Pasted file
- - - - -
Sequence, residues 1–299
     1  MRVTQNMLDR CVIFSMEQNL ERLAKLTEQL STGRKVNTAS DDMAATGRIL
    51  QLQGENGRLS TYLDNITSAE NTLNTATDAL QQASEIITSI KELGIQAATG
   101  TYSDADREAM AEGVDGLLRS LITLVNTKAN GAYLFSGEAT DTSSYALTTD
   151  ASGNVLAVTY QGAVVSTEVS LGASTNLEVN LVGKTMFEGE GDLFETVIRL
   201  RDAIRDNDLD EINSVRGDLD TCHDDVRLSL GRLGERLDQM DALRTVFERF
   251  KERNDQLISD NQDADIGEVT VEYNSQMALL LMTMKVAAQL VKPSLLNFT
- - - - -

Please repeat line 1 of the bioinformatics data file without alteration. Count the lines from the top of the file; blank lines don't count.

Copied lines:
Sequence, residues 1–299